It is often the case that our unthemed issues have a theme that emerges post hoc from the submissions. That is true with this issue, as all of the articles address some aspect of foundation learning.
As we begin the debate about the future of the Affordable Care Act, Hoag, Lipson, and Peebles evaluation of the KidsWell campaign demonstrates the important role of state policy in achieving better health care coverage for children.
Foster, Harrington, Hoag, and Lipson share their lessons about how to evaluate policy and advocacy work. They note
that some ambiguity is inevitable; policy change is often a complex process with many contributing factors. However, with comprehensive data and integrated analysis, it is possible to evaluate and learn about effective practices.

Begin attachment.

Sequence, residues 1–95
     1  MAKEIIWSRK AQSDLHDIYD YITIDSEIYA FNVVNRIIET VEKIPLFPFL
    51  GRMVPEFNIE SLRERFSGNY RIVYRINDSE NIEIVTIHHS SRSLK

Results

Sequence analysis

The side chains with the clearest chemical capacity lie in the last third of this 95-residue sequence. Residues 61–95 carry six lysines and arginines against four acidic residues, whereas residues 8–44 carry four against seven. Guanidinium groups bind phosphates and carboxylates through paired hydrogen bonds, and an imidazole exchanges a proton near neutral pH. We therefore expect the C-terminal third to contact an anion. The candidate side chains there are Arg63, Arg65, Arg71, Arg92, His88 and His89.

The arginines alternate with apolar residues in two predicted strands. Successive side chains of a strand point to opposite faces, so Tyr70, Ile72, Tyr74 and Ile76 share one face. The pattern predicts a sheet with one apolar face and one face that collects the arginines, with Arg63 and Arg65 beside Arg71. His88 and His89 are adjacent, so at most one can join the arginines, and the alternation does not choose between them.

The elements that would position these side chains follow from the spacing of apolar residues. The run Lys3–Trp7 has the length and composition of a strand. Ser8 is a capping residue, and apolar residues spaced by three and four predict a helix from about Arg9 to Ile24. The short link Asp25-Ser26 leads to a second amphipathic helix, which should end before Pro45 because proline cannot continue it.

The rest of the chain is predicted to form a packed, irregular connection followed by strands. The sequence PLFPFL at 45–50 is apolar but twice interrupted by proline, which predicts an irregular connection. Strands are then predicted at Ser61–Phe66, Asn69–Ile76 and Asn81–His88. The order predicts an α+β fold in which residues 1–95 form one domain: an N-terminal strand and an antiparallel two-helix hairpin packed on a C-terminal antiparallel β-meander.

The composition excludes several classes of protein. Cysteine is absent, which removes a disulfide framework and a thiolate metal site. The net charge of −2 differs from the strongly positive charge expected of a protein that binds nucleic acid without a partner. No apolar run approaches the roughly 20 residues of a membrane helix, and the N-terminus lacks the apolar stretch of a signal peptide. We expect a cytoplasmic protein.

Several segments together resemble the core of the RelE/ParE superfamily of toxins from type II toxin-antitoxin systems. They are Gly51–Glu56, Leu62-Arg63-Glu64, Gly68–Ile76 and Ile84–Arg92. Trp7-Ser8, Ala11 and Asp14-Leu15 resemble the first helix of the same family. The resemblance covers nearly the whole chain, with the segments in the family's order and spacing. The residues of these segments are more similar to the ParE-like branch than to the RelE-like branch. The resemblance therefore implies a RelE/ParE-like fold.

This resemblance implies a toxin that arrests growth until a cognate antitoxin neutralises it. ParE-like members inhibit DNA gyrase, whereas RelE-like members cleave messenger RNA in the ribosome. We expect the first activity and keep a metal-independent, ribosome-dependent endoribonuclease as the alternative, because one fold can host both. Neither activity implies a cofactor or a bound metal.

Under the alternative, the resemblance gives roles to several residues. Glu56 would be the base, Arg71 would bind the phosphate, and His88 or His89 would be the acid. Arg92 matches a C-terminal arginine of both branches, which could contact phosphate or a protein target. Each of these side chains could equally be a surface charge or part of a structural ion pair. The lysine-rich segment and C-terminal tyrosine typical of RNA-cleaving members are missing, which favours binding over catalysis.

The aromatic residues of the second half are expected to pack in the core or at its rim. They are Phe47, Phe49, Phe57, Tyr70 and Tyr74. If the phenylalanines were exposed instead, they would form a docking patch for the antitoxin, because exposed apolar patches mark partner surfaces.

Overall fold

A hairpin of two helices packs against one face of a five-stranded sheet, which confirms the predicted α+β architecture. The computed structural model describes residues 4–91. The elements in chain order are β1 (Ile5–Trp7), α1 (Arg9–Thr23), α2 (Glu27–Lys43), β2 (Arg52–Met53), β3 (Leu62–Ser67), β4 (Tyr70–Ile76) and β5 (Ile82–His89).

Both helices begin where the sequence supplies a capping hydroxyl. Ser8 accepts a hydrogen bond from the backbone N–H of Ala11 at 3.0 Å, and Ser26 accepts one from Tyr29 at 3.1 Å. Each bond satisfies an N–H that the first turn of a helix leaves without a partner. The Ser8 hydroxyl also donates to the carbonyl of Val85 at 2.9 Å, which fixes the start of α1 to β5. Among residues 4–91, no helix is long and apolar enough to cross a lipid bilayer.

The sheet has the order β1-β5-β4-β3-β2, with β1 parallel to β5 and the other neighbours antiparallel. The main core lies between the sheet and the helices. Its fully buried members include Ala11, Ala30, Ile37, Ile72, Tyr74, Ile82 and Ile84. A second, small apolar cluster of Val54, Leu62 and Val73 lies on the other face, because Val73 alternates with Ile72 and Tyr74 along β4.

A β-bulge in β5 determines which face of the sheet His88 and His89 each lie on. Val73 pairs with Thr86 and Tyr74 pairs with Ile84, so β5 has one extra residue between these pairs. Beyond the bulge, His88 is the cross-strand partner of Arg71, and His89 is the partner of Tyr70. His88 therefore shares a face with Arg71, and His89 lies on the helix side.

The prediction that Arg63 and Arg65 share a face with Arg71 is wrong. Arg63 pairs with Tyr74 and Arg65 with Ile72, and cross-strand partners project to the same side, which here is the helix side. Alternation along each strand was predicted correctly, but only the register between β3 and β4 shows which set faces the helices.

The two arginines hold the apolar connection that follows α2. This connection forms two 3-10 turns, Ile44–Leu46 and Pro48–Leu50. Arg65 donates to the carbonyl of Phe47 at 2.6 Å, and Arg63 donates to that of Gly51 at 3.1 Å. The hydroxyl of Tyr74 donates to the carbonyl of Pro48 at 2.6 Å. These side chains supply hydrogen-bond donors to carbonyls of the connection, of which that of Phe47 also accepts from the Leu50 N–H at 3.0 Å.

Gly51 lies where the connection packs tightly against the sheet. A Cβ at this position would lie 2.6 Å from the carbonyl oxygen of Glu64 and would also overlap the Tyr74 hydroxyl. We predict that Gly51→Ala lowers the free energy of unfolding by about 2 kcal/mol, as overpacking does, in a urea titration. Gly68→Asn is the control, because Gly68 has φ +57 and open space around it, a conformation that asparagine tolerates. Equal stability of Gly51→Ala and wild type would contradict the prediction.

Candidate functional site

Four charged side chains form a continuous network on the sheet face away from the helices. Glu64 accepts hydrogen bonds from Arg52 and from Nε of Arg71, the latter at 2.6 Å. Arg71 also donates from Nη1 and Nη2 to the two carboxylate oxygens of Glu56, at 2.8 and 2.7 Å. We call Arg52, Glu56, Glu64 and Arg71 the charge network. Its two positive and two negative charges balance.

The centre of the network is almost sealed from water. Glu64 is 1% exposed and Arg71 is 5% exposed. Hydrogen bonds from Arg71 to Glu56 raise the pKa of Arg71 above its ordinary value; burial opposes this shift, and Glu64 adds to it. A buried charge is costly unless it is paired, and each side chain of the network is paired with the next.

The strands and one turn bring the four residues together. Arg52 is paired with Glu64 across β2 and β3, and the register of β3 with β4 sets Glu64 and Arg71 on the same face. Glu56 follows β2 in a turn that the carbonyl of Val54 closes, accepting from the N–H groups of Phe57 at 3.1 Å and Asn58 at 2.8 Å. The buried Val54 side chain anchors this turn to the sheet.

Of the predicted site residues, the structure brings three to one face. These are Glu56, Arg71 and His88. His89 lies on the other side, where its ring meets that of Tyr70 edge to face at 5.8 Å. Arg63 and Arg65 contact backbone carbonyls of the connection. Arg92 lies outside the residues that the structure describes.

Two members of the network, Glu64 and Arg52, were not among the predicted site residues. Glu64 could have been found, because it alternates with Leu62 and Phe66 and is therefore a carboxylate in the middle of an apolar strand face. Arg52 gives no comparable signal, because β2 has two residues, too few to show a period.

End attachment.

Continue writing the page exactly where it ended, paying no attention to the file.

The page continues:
While learning from other foundations’ work is important, for most foundations, learning from their own work is still a struggle. Leahy, Wegmann, and Nolen explore the structures and tools that can support organizational learning.
One of the emerging practices in philanthropy that requires learning by many stakeholders is the practice of impact investing. Gripne, Kelley, and Merchant describe their approach to providing education, training and coaching to various audiences. CO Impact Days and Initiative demonstrated how to educate and connect foundations, individual investors, social entrepreneurs, nonprofits and other stakeholders.
Foundations who want to support their grantees’ learning often provide technical assistance in some form. Lyons, Hoag, Orfield, and Streeter provide considerations for funders in developing strong TA programs, based on their evaluations of two state-based TA programs.
The final article includes Franklin’s review of American Generosity: Who Gives and Why by Patricia Snell Herzog & Heather E. Price. This book is one product of the University of Notre Dame’s Science of Generosity initiative.